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I am mobile developer and always have one particular fight with my web-service/backend developer which believe in designing restful api.

Issue: As per Restful design,every api should be atomic in nature,but this create alot of problems to clients especially mobile based. Since to perform any operation like opening of a particular page, i might have to make N calls to load the data which gives a very bad user experience .

One valid user-case to explain : In an e-commerce application,load a product detail page. In this page we have to show product detail , inventory information , offer description , related products , recommended product etc,and as per restFul each one them could be a individual api and loading each of them individually will kill user experience and making a aggregate call is against Restful principal.

Can anyone tell me how you have solved/to solve this problem ?

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    Do you have an actual, documented performance problem due to multiple calls, or an opinion that multiple calls will be nonperformant? – Eric Stein Aug 31 '16 at 17:39
  • REST alone is pretty primitive. It doesn't necessarily provide a means of doing rich query (e.g. with joins, etc.. across multiple resources), or transactional updates across multiple resources, leaving developers to reinvent the wheel with http & url language for specifying these things. Have a look at OData, which layers on top of REST and has these things as well as multiple requests per message, batch, etc.. – Erik Eidt Aug 31 '16 at 17:44
  • No, i don't have any stats to put my case but this very common to understand , mobile phone don't have similar network capabilities as compared to laptop so we have to always consider latency and each network connection request give a direct hit to battery of the device ie less network call is favourable . – Code_Life Aug 31 '16 at 17:45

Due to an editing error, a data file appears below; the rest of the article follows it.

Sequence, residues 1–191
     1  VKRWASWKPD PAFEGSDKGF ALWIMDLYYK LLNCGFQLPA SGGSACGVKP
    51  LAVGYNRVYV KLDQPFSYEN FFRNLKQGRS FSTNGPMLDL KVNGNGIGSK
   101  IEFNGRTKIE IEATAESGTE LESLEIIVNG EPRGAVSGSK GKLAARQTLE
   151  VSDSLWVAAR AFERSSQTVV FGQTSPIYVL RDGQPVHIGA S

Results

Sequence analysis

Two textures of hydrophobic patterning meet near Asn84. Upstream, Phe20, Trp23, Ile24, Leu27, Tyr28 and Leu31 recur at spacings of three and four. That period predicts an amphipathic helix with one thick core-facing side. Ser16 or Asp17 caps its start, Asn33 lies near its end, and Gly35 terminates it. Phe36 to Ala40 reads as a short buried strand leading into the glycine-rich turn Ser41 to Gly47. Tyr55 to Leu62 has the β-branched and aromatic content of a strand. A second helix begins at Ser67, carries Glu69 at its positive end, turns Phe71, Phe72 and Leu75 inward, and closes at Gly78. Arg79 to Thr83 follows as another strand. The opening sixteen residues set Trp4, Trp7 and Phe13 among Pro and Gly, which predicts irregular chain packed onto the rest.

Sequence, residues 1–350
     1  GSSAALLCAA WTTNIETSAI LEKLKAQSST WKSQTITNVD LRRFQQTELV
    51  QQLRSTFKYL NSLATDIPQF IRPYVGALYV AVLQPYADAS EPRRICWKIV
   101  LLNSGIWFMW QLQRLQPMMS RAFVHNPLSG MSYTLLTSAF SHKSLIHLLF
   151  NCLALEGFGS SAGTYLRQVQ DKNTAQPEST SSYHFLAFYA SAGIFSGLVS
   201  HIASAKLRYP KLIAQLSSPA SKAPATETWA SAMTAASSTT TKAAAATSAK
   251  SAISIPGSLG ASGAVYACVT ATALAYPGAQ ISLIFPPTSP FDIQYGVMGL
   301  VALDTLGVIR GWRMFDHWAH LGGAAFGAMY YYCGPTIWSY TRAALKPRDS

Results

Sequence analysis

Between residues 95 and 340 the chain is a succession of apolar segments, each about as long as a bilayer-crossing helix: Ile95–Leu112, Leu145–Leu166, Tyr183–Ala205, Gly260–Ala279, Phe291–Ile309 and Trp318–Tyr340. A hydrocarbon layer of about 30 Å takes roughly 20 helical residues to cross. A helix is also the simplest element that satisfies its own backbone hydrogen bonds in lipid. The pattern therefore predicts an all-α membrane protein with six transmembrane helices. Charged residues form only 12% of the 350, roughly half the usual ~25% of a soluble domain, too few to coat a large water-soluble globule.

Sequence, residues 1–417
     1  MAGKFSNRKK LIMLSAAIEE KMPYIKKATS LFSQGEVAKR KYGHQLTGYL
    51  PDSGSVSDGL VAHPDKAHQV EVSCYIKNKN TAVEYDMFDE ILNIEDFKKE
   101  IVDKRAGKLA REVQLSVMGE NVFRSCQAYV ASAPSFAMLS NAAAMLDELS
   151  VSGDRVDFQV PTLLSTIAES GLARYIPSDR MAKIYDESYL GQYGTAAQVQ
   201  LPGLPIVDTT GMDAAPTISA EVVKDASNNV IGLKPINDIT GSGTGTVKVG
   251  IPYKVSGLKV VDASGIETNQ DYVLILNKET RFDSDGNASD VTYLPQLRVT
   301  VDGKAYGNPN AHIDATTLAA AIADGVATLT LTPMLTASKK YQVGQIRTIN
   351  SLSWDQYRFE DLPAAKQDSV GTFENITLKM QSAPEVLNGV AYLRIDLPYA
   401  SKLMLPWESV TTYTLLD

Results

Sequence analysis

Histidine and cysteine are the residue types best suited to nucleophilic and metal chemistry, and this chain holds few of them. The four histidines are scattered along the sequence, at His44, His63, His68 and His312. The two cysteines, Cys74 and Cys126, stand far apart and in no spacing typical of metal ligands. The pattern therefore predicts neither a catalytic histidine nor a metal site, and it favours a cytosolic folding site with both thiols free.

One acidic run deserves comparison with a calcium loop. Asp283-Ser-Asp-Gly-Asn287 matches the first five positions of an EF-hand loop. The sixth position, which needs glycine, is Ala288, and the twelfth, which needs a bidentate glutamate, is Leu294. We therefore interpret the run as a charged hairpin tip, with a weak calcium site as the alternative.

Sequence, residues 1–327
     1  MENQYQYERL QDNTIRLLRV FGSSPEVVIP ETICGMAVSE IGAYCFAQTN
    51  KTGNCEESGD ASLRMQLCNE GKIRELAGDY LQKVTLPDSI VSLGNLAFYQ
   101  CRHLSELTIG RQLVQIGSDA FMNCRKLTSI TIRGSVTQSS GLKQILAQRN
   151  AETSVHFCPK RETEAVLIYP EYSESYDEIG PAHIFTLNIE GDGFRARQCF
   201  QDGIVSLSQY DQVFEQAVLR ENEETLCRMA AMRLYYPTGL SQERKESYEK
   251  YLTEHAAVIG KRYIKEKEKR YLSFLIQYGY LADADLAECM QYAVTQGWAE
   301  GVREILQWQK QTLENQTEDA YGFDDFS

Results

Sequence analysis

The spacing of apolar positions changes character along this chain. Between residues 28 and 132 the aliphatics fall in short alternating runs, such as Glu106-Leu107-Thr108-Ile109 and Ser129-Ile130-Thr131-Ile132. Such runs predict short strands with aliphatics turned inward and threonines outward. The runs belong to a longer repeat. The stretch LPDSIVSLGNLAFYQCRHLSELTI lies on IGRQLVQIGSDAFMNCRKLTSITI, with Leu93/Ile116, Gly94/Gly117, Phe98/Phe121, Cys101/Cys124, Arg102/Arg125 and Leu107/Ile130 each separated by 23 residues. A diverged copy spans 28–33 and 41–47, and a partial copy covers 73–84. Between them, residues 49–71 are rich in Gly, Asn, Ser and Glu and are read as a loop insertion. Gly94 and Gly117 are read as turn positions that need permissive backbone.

• See how Netflix does this with Api gateway: microservices.io/patterns/apigateway.html here is about your exact use case: dzone.com/articles/building-microservices-using – Luc Franken Sep 1 '16 at 8:38
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Something to remind the backend developer of: REST doesn't say anything about the size/complexity of the objects in the payload, only about the atomicity and stateless nature of the transactions. It's entirely allowable to have a path of the form /product/{id}/details which returns a payload rooted in the same object as /product/{id} but with additional information possibly pulled from multiple tables. You can use the path for simple-to-express variations, or query-string variables if you've got complex requirements for optional additional information. On the PUT side, a PUT to /products/{id} could either look at what's present in the payload and update tables based on that or it could only update the base product and require additional path segments and/or query-string variables matching the corresponding GET to update additional tables. The choice depends on what makes things simplest and most straightforward/understandable for the application.

An internal API like this exists to serve a purpose. If using it's making things harder rather than easier, that's a sure sign something's not right with the API.

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The job of an API is to provide external systems access to information. REST proposes modeling that data into resources, with suggestions on how to work with those models. In well-written APIs, the resources are built to make the client's job as easy as possible. In a public API, that's Hard. In a private API, it's a lot easier.

You sound like you're trying to force a generic API on a single internal customer. There's nothing wrong with allowing a GET /product-details/{id}. Include it as a link off of the product (preferable), or use the same ID for product and product-details. That resource can hold exactly what information the product details page needs. If the user decides to update the product, the client can call a GET /products/{id} for the full details and then a PUT /products/{id} to do the update.

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